Google, the internet search engine, has threatened to pull out of China in a row over censorship.
It has set itself at odds with the authorities in China by declaring that it will stop censoring search results on its Chinese website.
In a shock announcement, the group issued a thinly-veiled attack at official Chinese censors and information police, and said it was prepared to shut down its operations there entirely if the authorities do not allow it to create an unfiltered search engine.
Although it did not directly accuse the Chinese government, the internet giant said it had uncovered evidence that hackers had launched an attack on its websites and on those of “at least twenty” other large companies targeting human rights activists. It added that the gmail accounts of “dozens” of its users in the US, the UK and China itself had also fallen victim to similar attacks.
The move is highly significant: Google was seen as a standard-bearer for modern Chinese internet businesses when, in 2006, it launched in the country, censoring its search results for selected information and topics, on the basis that greater access to information for Chinese citizens outweighed its discomfort at introducing such unprecedented filters. It does not operate such filters in other major countries.
In a blog on the company’s website, its corporate development and chief legal officer, David Drummond, said Google did so then because of the “benefits of increased access to information for people in China and a more open Internet”. However, he said the recent cyber attacks and recent clampdowns on freedom of speech on the web “have led us to conclude that we should review the feasibility of our business operations in China.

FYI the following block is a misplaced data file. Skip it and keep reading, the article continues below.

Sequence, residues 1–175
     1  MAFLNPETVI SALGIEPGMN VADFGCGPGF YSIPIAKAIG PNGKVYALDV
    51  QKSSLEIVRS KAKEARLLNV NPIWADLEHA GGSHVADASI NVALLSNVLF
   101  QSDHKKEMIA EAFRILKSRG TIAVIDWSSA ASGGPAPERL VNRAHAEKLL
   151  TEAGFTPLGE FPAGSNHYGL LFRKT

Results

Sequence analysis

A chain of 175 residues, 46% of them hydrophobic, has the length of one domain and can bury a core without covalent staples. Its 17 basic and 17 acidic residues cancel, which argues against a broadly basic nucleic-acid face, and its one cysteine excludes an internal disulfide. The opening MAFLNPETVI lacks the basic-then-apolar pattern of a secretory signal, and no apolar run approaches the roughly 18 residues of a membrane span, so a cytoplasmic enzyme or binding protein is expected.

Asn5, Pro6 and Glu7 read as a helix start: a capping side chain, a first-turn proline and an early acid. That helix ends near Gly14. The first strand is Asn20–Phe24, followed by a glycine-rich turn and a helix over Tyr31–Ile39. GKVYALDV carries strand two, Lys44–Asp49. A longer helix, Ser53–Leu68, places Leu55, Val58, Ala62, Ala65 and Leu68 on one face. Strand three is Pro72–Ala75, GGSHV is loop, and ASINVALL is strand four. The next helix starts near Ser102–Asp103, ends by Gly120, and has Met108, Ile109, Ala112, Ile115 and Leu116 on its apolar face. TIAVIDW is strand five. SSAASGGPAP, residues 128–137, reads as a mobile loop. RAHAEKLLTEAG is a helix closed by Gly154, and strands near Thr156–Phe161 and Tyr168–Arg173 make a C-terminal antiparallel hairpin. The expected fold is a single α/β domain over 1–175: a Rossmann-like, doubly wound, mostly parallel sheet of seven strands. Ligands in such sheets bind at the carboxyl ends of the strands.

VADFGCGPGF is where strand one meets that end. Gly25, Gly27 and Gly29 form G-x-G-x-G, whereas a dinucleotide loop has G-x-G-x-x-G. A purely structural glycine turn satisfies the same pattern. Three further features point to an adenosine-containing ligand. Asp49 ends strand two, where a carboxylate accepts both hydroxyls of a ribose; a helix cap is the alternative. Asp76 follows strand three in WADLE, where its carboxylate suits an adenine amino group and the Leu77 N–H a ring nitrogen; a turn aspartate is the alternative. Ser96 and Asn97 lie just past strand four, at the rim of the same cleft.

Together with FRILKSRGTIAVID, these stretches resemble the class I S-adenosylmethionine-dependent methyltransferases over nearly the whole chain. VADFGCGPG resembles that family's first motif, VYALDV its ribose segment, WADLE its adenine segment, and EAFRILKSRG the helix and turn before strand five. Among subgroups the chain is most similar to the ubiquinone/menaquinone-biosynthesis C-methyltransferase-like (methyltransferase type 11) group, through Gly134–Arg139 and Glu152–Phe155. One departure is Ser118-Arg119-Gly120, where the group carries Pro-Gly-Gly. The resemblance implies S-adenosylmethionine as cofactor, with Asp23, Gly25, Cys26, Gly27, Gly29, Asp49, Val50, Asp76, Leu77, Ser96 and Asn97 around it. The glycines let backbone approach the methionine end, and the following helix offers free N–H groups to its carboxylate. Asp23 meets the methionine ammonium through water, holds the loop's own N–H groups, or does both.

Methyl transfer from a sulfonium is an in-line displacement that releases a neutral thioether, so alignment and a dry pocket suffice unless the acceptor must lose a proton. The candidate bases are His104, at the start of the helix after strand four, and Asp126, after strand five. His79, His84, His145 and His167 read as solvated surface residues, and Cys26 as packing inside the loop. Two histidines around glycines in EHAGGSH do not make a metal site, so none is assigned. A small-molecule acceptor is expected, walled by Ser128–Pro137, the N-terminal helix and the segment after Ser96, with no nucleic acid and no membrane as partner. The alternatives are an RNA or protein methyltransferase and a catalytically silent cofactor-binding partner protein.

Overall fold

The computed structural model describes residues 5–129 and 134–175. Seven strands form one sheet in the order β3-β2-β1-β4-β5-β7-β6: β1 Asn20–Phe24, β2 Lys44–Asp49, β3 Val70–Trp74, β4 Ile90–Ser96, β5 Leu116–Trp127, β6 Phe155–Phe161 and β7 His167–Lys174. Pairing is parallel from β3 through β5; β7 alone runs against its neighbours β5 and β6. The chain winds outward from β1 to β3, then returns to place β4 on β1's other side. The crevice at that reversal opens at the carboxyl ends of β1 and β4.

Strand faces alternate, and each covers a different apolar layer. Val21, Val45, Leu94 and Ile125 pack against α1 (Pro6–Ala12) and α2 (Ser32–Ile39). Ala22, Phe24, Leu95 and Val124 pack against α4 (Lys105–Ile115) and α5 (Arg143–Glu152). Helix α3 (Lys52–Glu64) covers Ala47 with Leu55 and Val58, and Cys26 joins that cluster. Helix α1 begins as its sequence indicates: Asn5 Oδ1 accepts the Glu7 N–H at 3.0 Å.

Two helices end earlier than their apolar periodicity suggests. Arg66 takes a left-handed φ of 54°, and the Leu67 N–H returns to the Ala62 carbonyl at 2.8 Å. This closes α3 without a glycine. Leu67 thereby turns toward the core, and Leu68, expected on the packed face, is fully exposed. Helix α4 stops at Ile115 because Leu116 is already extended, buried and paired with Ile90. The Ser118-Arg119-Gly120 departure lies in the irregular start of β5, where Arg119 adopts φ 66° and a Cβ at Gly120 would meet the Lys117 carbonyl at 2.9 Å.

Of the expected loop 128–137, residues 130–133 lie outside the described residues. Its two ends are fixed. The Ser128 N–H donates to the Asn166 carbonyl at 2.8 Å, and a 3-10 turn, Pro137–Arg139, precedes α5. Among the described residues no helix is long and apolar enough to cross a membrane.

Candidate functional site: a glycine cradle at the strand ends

“We have decided we are no longer willing to continue censoring our results on Google.cn, and so over the next few weeks we will be discussing with the Chinese government the basis on which we could operate an unfiltered search engine within the law, if at all. We recognize that this may well mean having to shut down Google.cn, and potentially our offices in China.”
The radical decision is a rare direct affront by a major company against the Chinese government. Most multinationals have, thus far, been willing to forego some of their typical freedoms in exchange for a foothold in the world’s fastest-growing economy. The
Mr Drummond admitted that the company’s decision to operate in China four years ago had courted controversy, but said: “At the time we made clear that 'we will carefully monitor conditions in China, including new laws and other restrictions on our services. If we determine that we are unable to achieve the objectives outlined we will not hesitate to reconsider our approach to China.’”
The blogpost, entitled “A new approach to China”, also admits that the “incredibly hard” decision “will have potentially far-reaching consequences” but insists it was taken solely by the company’s American executives, in comments which are thought to be designed to protect its Chinese employees against potential reprisals.